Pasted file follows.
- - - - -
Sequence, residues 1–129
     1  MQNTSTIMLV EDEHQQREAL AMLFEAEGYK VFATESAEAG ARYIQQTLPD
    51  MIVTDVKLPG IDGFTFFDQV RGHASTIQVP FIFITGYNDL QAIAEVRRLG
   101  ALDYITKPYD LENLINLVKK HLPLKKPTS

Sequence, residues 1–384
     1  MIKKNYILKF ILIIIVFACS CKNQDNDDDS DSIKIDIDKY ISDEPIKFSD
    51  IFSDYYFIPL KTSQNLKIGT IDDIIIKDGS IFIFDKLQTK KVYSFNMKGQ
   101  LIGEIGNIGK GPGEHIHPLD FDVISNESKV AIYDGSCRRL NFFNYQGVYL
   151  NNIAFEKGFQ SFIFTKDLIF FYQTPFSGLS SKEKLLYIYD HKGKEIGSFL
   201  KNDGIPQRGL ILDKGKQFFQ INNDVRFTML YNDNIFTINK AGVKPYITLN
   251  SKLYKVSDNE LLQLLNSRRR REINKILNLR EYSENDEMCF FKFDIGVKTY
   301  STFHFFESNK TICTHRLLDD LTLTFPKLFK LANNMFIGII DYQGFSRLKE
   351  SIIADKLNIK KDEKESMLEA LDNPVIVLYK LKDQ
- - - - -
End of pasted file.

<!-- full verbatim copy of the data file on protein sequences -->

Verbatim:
Sequence, residues 1–129
     1  MQNTSTIMLV EDEHQQREAL AMLFEAEGYK VFATESAEAG ARYIQQTLPD
    51  MIVTDVKLPG IDGFTFFDQV RGHASTIQVP FIFITGYNDL QAIAEVRRLG
   101  ALDYITKPYD LENLINLVKK HLPLKKPTS

Sequence, residues 1–384
     1  MIKKNYILKF ILIIIVFACS CKNQDNDDDS DSIKIDIDKY ISDEPIKFSD
    51  IFSDYYFIPL KTSQNLKIGT IDDIIIKDGS IFIFDKLQTK KVYSFNMKGQ
   101  LIGEIGNIGK GPGEHIHPLD FDVISNESKV AIYDGSCRRL NFFNYQGVYL
   151  NNIAFEKGFQ SFIFTKDLIF FYQTPFSGLS SKEKLLYIYD HKGKEIGSFL
   201  KNDGIPQRGL ILDKGKQFFQ INNDVRFTML YNDNIFTINK AGVKPYITLN
   251  SKLYKVSDNE LLQLLNSRRR REINKILNLR EYSENDEMCF FKFDIGVKTY
   301  STFHFFESNK TICTHRLLDD LTLTFPKLFK LANNMFIGII DYQGFSRLKE
   351  SIIADKLNIK KDEKESMLEA LDNPVIVLYK LKDQ